When I was living in California (Palo Alto specifically) I took a couple photography classes at the SF Photo Center at the Harvey Milk Recreational Arts building (currently under renovation). One class was on creative night photography and the other was on B&W darkroom techniques. The creative night photo one was a bit of a bust, but it did give me an excuse to get out and take pictures. The B&W class on the other hand was a lot of fun and got me my first taste of working in a darkroom.

Now I am faced with a bit of a dilema. I have a couple film bodies that I am trying to use more - a Holga and a Yashica Mat 124g TLR. Both shoot medium format 120 film. So far I've only shot a few rolls of film and of those rolls only have been able to look at 36 developed frames (scans of the negatives that came with the processed film). The challenge with film, at least for me, is getting the images either into my computer for processing and printing, or getting quality proofs made then enlargements of the ones that I like. To get from negative to print I could either scan the images in (via a scanner at home or a high quality scanner at a lab) or I could take my B&W negatives to the darkroom and print them myself.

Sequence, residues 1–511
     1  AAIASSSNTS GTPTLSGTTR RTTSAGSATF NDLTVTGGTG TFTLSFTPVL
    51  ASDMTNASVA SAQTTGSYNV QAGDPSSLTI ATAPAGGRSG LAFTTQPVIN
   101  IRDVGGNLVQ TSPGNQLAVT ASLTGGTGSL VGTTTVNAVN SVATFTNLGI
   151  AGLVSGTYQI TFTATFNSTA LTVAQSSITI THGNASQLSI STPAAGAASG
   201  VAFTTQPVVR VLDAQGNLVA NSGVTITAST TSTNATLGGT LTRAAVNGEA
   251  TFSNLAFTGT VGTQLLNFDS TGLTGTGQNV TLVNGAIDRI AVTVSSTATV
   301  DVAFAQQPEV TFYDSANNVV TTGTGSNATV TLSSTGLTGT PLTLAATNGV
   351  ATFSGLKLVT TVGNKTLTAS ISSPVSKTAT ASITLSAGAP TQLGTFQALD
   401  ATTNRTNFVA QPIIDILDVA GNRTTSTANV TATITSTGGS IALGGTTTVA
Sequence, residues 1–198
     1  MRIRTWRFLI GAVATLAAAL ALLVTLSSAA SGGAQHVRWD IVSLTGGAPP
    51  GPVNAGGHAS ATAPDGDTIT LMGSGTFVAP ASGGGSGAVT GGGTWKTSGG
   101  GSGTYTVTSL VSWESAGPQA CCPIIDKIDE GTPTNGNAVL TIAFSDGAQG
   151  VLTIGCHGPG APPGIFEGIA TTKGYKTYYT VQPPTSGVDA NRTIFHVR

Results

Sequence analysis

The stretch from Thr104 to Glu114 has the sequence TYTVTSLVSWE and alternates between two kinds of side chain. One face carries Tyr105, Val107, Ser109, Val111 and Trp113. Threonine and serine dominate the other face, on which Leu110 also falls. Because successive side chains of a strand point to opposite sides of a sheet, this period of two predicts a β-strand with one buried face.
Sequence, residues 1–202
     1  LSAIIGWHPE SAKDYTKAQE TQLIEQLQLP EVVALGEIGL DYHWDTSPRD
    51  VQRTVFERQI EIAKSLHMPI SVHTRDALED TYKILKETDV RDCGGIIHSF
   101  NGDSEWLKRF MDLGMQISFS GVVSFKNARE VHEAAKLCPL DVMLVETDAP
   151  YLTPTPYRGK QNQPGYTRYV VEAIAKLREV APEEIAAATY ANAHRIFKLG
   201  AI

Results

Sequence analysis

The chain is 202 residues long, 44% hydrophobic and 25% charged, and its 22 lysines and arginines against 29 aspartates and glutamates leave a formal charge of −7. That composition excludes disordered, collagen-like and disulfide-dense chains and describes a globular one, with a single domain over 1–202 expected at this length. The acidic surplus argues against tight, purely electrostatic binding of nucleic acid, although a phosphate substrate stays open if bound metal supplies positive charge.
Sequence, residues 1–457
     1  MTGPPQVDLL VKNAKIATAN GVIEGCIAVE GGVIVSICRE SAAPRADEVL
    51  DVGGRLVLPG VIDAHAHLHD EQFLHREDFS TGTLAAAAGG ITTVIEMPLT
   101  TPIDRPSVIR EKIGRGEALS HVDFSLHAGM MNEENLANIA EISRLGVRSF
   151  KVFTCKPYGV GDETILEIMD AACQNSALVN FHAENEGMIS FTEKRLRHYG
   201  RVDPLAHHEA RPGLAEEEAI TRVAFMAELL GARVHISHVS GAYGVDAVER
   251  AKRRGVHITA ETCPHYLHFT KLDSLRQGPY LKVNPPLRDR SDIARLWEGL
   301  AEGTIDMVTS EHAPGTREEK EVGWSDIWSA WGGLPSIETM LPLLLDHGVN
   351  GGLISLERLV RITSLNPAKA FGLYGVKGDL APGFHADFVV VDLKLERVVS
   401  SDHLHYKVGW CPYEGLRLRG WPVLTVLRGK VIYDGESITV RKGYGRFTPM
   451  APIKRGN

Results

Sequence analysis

I found a darkroom nearby that I could use - it's in a community college and for about $350 I would have access to the darkroom M-F until 10pm and Saturdays from noon to 4pm. For roughly the same amount I could purchase a scanner and be able to use it whenever I want to, but I lose that visceral experience of the darkroom. I do gain the ability to shoot color film though, which is a plus.

Dilemas, dilemas...

Anyway, here are three images I took while waiting for my class to start at the Harvey Milk center in SF a few years ago.

Monday, January 12, 2009

JPG Saved?!

From the most recent post on the JPG Mag blog, it looks like a few potential buyers have thrown their respective hats into the ring. From their most recent blog post:

We couldn't ask for a better community. In the week or so since our last email, the outpour of support has exceeded our wildest expectations. Your efforts, such as starting, writing blog posts, commenting on Twitter and Flickr, and generally making your voices heard, have provided exciting new opportunities for us.